Maqlubah Recipe: A Culinary Masterpiece from the Levant - Today Resepi Ideas

Maqlubah Recipe: A Culinary Masterpiece from the Levant

Embark on a culinary journey to the heart of the Levant, where flavors dance and traditions intertwine. Maqlubah, a cherished dish originating from the vibrant streets of Palestine, is a testament to the region’s rich culinary heritage. Join us as we delve into the tantalizing world of Maqlubah, exploring its ingredients, cooking techniques, and the cultural significance it holds.

Maqlubah, meaning “upside down” in Arabic, is a culinary masterpiece that captivates both the palate and the imagination. It is a symphony of flavors, textures, and colors, where succulent meats, aromatic vegetables, and fluffy rice come together in a harmonious ensemble.

This beloved dish transcends mere sustenance; it is a symbol of hospitality, unity, and the celebration of life’s special moments.


Maqlubah, a traditional Levantine dish, is a hearty and visually stunning feast that has captured the hearts of food lovers for centuries. Originating in Palestine, this iconic dish has become a staple in many Middle Eastern cuisines, representing both cultural heritage and culinary excellence.Maqlubah,

meaning “upside down” in Arabic, is a layered dish featuring a tantalizing combination of seasoned rice, vegetables, and succulent meats. Its unique presentation, where the ingredients are inverted before serving, creates a dramatic and eye-catching centerpiece that is sure to impress.

Cultural Significance

Maqlubah holds a special place in Middle Eastern culture, symbolizing hospitality, generosity, and the joy of sharing food. It is often served at festive gatherings, weddings, and special occasions, where it represents the warmth and communal spirit of the region.

The act of inverting the dish is said to bring good luck and abundance to those who partake in it.

Ingredients and Variations

Maqlubah, a hearty and flavorful dish, boasts a tantalizing array of ingredients. Essential to its preparation are:

  • Rice: Long-grain basmati rice is preferred, as it absorbs the rich flavors and remains fluffy.
  • Meat: Traditionally, lamb or chicken is used, but variations include beef, goat, or even vegetables.
  • Vegetables: Eggplant, cauliflower, carrots, and potatoes are commonly used, adding color, texture, and sweetness.
  • Spices: A blend of spices, including cumin, coriander, paprika, and turmeric, imparts an aromatic and flavorful depth.
  • Stock: Chicken or vegetable stock forms the base of the dish, providing moisture and enhancing the flavors.

Types of Meat and Vegetables

The choice of meat and vegetables for Maqlubah can vary based on regional preferences and availability. Lamb is a popular choice for its rich flavor, while chicken offers a milder option. Beef, with its robust taste, is another suitable choice.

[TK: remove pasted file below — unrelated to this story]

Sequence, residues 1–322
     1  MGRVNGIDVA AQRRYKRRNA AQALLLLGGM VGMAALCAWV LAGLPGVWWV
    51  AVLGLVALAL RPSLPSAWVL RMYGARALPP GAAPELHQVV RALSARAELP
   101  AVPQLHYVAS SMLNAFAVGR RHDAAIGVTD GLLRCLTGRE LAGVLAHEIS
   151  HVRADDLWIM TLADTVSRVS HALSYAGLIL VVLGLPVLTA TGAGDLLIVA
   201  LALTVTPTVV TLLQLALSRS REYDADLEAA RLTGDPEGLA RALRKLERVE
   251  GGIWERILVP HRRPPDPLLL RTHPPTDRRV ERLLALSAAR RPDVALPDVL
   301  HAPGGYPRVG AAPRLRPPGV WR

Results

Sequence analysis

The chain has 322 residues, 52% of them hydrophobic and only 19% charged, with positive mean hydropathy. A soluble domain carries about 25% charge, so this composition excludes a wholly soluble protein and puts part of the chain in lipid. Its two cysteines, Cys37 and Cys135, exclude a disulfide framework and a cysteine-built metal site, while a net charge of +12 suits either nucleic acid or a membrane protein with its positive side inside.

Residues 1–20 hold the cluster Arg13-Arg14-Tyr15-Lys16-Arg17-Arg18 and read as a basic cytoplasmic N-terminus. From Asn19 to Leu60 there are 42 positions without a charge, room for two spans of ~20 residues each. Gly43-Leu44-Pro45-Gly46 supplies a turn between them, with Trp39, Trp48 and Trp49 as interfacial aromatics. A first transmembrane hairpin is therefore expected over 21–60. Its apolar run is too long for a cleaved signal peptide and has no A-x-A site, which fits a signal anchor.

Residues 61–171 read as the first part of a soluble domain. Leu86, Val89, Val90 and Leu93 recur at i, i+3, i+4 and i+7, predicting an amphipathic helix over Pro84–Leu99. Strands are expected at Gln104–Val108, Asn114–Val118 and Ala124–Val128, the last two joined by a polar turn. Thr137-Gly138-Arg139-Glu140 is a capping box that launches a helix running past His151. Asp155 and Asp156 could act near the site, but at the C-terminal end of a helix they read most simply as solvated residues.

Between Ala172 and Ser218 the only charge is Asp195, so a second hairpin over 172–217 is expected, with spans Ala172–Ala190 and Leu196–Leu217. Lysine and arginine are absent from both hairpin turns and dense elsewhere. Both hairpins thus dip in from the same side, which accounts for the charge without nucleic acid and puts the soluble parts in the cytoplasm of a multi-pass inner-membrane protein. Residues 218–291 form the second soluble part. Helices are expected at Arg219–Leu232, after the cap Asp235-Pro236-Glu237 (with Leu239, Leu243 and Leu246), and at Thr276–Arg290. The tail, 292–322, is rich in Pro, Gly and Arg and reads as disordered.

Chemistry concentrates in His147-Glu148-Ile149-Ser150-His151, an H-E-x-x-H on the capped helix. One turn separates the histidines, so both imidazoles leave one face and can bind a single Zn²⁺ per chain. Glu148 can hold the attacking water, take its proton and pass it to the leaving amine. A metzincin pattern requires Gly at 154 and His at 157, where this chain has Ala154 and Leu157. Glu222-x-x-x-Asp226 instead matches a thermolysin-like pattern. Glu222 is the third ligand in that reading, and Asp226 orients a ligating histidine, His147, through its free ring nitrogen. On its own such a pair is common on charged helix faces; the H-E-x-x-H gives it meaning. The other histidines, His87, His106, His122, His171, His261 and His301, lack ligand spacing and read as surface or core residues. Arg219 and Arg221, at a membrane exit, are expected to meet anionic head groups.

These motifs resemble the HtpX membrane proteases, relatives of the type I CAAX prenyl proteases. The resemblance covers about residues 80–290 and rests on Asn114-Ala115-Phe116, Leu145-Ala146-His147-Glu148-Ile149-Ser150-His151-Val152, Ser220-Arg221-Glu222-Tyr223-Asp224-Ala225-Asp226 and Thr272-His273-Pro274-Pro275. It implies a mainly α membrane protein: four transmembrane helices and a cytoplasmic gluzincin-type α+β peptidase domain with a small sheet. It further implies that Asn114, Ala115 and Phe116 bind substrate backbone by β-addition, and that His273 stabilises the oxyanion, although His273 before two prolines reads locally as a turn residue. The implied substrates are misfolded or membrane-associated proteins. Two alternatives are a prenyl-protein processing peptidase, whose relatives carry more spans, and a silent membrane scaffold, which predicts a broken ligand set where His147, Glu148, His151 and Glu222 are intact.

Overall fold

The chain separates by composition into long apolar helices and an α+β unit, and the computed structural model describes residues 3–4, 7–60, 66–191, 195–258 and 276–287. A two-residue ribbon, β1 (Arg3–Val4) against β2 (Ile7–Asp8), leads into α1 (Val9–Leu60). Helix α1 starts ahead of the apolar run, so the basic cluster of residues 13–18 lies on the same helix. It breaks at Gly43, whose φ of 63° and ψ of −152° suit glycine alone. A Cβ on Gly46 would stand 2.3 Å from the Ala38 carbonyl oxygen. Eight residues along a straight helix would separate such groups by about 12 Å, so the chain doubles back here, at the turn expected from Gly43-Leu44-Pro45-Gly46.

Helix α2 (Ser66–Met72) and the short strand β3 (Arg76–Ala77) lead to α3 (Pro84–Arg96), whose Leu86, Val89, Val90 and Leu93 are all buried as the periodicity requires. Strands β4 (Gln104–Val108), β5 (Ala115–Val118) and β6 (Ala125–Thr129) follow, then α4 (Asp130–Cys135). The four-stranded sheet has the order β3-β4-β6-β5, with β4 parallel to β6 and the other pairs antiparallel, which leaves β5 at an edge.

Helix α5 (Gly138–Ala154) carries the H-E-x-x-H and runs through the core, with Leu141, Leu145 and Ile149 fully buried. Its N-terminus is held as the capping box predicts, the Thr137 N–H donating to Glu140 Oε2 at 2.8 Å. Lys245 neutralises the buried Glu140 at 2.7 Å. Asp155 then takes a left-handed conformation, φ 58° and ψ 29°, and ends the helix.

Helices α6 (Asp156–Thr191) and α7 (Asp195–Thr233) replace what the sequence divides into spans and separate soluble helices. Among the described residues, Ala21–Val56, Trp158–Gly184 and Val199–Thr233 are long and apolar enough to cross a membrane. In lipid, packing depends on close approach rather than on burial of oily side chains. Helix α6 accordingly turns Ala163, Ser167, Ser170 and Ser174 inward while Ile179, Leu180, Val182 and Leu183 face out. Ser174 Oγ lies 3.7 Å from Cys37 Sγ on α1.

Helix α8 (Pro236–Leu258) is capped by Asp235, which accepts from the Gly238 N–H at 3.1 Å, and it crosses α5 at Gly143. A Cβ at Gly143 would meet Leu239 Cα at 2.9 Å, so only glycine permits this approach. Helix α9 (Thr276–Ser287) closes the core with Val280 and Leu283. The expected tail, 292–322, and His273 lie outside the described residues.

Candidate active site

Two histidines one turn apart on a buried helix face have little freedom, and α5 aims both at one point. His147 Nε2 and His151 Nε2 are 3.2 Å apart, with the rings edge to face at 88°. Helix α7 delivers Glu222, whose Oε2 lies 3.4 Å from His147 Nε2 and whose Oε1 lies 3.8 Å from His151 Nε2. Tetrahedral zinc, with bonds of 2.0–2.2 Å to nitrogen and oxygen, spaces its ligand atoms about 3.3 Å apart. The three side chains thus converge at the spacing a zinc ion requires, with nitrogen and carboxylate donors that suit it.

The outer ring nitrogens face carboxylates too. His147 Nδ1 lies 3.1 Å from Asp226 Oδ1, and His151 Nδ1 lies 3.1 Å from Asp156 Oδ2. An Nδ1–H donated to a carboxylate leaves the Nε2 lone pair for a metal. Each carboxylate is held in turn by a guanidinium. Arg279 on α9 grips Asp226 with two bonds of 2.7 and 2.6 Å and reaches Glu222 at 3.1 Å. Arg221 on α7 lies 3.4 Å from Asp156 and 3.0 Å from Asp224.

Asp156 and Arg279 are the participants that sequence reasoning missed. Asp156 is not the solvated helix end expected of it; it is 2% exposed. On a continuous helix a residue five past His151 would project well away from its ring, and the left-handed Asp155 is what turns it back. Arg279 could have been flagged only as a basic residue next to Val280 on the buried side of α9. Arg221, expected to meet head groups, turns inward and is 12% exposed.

Eggplant, cauliflower, carrots, and potatoes are classic vegetable additions. Their textures and flavors complement each other perfectly. Other vegetables, such as zucchini, peas, or green beans, can also be incorporated for variety.

Step-by-Step Cooking s

The preparation of maqlubah involves a meticulous layering process that ensures the distinct flavors and textures of the dish.

To achieve the perfect maqlubah, follow these detailed s:

Layering the Ingredients

Stage Ingredients Layering Order Additional Notes
1 Meat (chicken or lamb) Bottom layer Seasoned with spices
2 Vegetables (carrots, potatoes, cauliflower) Layer above meat Cut into uniform sizes
3 Rice Layer above vegetables Parboiled and seasoned
4 Yogurt sauce Layer above rice Made with yogurt, garlic, and lemon juice
5 Nuts (almonds, pine nuts) Sprinkled on top For added texture and flavor

Cooking Techniques

maqlubah recipe terbaru

Maqlubah’s distinct cooking techniques contribute to its tantalizing flavors and textures.

The initial caramelization of vegetables, a hallmark of this dish, not only enhances their sweetness but also creates a flavorful base for the subsequent layers.

The Role of Yogurt

Yogurt, a staple in Middle Eastern cuisine, plays a pivotal role in Maqlubah. It adds a creamy richness and subtle tang that complements the other ingredients, balancing the savory and sweet elements.

Presentation and Serving

Maqlubah is traditionally presented in a large, deep dish, with the rice on the bottom and the meat and vegetables on top. When the dish is inverted onto a serving platter, the rice forms a golden-brown crust on the outside, while the meat and vegetables are revealed in all their colorful glory.To

enhance the visual appeal of Maqlubah, you can garnish it with fresh herbs such as parsley or cilantro. You can also add a dollop of yogurt or sour cream to the center of the dish.Maqlubah is a hearty and flavorful dish that can be served as a main course or as a side dish.

It is often paired with a side of salad or soup.

Suggested Side Dishes


  • Fattoush Salad
  • Tabbouleh Salad
  • Lentil Soup
  • Yogurt Sauce

Nutritional Value

maqluba rice jordanian dish arabian chicken fried vegetables